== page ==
Christian Jungersen set out to overcome a number of literary challenges that few other authors would have attempted, and with You Disappear he deftly handles them them brilliantly. First, he writes a book from the perspective of a convincing female main character. Second, he writes on a suite of subjects that require an intimate understanding of broad range of current research, namely brain trauma and it's many psychological aberrations, which is saturated in enigmas with feintly understood ramifications. Third, from the bowels of deeply conflicting social, medical, and political issues he must wrest forth a lively and entertaining story. In each instance he has unequivocally succeeded.
I have read many accounts of brain injury recovery in the last twenty-five years since my own severe brain trauma. The accounts of the slow and heartbreaking recovery from brain injury are at best tedious and draining to read. Jungersen has crafted a story that is a page turner. Among the plodding metronome of brain injury recovery he has woven a symphony of plot twists that are as unexpected as they are believable. Quiet moments of beauty and gentle humor mix with the character Mia's discovery of what it means to be brain injured. Her fugues of hope and despair culminate in a resolution that is as satisfying and complete as it is unexpected.
There are many villains and many heroes and they exchange places within each character. Each of the main characters is a fully realized believable person that changes and grows throughout the story. So many other fictional stories of brain trauma focus on long term memory loss and little else, those are easy stories to write, even though such amnesia is incredibly rare. Jungersen, on the other hand, tells an engaging story that embraces the full spectrum of brain injury symptomatic sequelae by unpeeling the onion of mystery and misconception, rather than just listing the symptoms like ingredients. I found myself crying, "Yes, yes, yes! That's exactly it!"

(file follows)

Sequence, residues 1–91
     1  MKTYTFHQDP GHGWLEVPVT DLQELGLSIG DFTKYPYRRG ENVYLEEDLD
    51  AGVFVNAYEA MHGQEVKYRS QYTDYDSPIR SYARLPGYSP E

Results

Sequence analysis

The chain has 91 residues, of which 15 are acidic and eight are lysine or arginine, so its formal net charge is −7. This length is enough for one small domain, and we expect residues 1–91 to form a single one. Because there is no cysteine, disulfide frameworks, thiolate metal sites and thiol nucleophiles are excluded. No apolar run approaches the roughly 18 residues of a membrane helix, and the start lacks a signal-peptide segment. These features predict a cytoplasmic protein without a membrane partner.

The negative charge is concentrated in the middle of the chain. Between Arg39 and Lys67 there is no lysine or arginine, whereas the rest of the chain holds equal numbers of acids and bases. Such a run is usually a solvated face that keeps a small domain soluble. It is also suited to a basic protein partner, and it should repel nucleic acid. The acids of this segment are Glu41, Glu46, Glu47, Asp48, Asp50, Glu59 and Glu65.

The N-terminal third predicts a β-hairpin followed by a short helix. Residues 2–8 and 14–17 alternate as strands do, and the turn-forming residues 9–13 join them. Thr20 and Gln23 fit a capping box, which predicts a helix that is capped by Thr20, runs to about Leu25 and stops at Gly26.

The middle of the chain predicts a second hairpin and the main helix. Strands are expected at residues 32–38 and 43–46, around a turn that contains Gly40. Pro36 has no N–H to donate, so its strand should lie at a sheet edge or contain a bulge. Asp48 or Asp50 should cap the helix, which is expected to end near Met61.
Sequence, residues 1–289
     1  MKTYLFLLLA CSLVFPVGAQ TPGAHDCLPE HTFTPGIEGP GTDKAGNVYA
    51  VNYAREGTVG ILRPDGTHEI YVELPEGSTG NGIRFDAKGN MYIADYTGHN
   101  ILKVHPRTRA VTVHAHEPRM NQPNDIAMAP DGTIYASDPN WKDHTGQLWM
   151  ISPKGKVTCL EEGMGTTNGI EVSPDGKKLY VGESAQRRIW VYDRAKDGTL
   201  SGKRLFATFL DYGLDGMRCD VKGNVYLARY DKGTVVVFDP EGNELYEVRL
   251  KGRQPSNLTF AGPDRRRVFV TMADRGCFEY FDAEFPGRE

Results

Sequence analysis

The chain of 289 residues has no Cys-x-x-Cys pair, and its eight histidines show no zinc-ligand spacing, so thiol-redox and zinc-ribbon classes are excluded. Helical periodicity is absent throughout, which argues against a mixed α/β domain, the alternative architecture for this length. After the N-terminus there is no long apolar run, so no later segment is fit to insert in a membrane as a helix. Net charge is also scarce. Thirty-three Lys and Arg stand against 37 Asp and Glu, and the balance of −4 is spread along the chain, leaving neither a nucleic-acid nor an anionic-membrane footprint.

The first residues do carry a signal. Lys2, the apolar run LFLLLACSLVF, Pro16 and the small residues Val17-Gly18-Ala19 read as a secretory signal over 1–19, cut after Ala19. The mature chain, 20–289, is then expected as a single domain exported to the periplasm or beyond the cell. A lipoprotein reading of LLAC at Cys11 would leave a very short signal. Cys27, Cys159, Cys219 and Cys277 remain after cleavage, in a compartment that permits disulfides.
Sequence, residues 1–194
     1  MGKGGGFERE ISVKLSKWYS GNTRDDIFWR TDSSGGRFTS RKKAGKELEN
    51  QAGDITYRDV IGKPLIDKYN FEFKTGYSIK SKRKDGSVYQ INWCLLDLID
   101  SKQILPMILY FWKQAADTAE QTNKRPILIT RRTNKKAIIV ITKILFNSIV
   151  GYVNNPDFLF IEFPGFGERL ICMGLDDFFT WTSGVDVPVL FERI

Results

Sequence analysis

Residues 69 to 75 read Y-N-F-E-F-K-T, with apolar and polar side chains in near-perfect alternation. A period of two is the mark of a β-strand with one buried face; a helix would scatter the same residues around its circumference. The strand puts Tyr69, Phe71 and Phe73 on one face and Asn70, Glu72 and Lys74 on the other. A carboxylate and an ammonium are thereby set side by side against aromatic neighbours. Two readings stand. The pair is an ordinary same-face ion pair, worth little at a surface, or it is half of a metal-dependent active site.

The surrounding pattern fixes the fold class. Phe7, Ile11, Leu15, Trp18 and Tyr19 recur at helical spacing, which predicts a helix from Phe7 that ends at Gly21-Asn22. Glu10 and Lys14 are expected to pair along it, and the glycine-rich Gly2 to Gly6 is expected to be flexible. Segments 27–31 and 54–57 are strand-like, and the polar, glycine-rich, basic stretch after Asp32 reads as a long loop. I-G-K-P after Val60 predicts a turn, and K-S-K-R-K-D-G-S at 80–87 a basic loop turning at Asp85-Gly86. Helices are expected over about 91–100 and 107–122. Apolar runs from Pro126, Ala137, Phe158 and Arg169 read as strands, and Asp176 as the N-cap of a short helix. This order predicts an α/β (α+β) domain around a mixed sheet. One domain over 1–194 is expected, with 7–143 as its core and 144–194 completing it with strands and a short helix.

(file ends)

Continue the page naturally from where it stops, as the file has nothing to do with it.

Finally, as a reader with letters in literature, I was also enthralled by the sophistication the work demonstrated in its employment of a narrator that may be, or may not be, reliable. The confidence the reader places in the narrative vehicle can subtly alter the interpretation of the events as they are related. The mind wants to place black hats on the bad guys and white hats on the good guys, but such verity is elusive. The story, like brain injury itself, is different for every individual.
Jungersen has set a new standard for excellence.